Ruddock thinks he'd do kids a favor by KO'ing Tyson


FORT LAUDERDALE, Fla. -- Donovan "Razor" Ruddock thinks a chance at fame and riches is a wonderful reason to slam a vicious left hook into Mike Tyson's chin during their June 28 rematch in Las Vegas, but there's another reason. He says he would like to rid the sports world of a poor role model.

"I don't like the way Mike Tyson talks, and I don't like the way he acts," Ruddock said. "As a matter of fact, I think it would be good to knock him out because of the young kids who look up to him. He's a bad example, but the kids coming up see him and don't know better. We have enough bad kids in the world. We don't need any more Mike Tysons."

Ruddock, who lost to Tyson in a controversial seventh-round technical knockout in March, found the hype that preceded the fight offensive. With the rematch one week away, he expects the hype to get nasty again.

"It's too bad," Ruddock said. "This fight doesn't need any hype. Mike Tyson can say what he wants. I'm not going to stoop to that level."

Tyson called Ruddock a transvestite before the last fight. Tyson also vowed: "I'll make you my girlfriend," and "I can't wait for you to kiss me with those big lips of yours."

Ruddock, a 27-year-old father of four, ended six weeks of workouts at his Lauderhill training camp June 9 and set up headquarters at Doolittle's gym in Las Vegas. Ruddock says Tyson's ugly outbursts motivate him. Tyson recently referred to contender Tommy Morrison as someone he would have forced to wash his underwear while in reform school.

"I don't want my kids to listen to the things Mike Tyson is saying," Ruddock said. "He wants me to be his girlfriend? I hope God smiles on me, and I knock him out so he won't say things like that anymore and kids won't listen."

The Tyson-Ruddock rematch is a test of power-punching contenders looking for the title shot against heavyweight champion Evander Holyfield. Ruddock (25-2-1) stands 6 feet 3 and 228 pounds. Tyson (40-1) is 5-11 and 217.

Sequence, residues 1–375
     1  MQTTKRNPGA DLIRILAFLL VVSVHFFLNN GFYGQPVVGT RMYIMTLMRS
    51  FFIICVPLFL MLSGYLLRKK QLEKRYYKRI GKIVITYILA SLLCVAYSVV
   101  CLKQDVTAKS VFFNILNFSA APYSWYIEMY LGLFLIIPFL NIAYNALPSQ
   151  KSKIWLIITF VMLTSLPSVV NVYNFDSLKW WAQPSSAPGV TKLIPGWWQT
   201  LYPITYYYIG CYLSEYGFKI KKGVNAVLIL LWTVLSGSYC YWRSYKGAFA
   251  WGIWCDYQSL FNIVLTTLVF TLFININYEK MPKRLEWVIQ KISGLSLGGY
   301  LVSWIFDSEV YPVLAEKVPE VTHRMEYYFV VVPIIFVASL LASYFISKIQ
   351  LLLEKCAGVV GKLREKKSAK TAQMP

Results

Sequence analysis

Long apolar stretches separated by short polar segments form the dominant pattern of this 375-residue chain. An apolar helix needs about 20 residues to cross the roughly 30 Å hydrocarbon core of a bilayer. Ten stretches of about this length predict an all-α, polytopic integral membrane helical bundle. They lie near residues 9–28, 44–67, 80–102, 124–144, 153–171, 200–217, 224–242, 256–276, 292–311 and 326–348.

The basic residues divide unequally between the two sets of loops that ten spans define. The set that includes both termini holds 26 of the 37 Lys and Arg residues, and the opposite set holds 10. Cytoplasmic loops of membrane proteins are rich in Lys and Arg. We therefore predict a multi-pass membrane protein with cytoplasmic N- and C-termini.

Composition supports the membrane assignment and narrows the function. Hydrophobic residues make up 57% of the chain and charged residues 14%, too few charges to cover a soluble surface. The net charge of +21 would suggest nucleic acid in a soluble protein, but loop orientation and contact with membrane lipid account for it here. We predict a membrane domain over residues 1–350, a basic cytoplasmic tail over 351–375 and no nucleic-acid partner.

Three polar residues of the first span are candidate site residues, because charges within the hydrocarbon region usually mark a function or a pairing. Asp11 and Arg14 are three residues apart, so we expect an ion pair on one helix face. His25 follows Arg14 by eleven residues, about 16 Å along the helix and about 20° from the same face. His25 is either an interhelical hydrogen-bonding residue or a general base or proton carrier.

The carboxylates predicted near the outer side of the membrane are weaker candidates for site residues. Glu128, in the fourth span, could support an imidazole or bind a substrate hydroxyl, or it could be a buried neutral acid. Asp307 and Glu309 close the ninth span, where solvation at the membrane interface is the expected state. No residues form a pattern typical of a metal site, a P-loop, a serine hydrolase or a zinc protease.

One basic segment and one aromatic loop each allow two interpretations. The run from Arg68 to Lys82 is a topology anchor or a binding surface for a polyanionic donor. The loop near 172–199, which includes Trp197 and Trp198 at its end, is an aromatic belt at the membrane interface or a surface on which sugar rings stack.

"Oh, my God, he punches like a mule," Tyson said after the first fight.

4 Referee Richard Steele stopped the fight at 2:22

the seventh round when Ruddock stumbled into the ropes at the end of a Tyson flurry. Ruddock raised his hands in disbelief. Ruddock insists he wasn't hurt and the fight was even, although all three judges had Tyson ahead on their scorecards.

Miles contends Steele not only stopped the fight early, but he allowed Tyson to hold and throw low blows. Ruddock's supporters say this fight will be different because Steele won't referee and because the mysterious injury to Ruddock's right arm is healed.

Ruddock relied heavily on his dangerous left hook. Though Ruddock quit sparring 10 days before the bout, his trainers denied speculation that he re-injured his right arm. He slightly fractured it last year. After the fight, Ruddock's trainers said they tried to hide the injury, but the arm was hurt again.

Ruddock expects to use his left jab and right hand more effectively.

"I went in preparing to use one specific shot," Ruddock said. "It was so successful in the past, but he was prepared for it. This time, I'm ready to use both hands."

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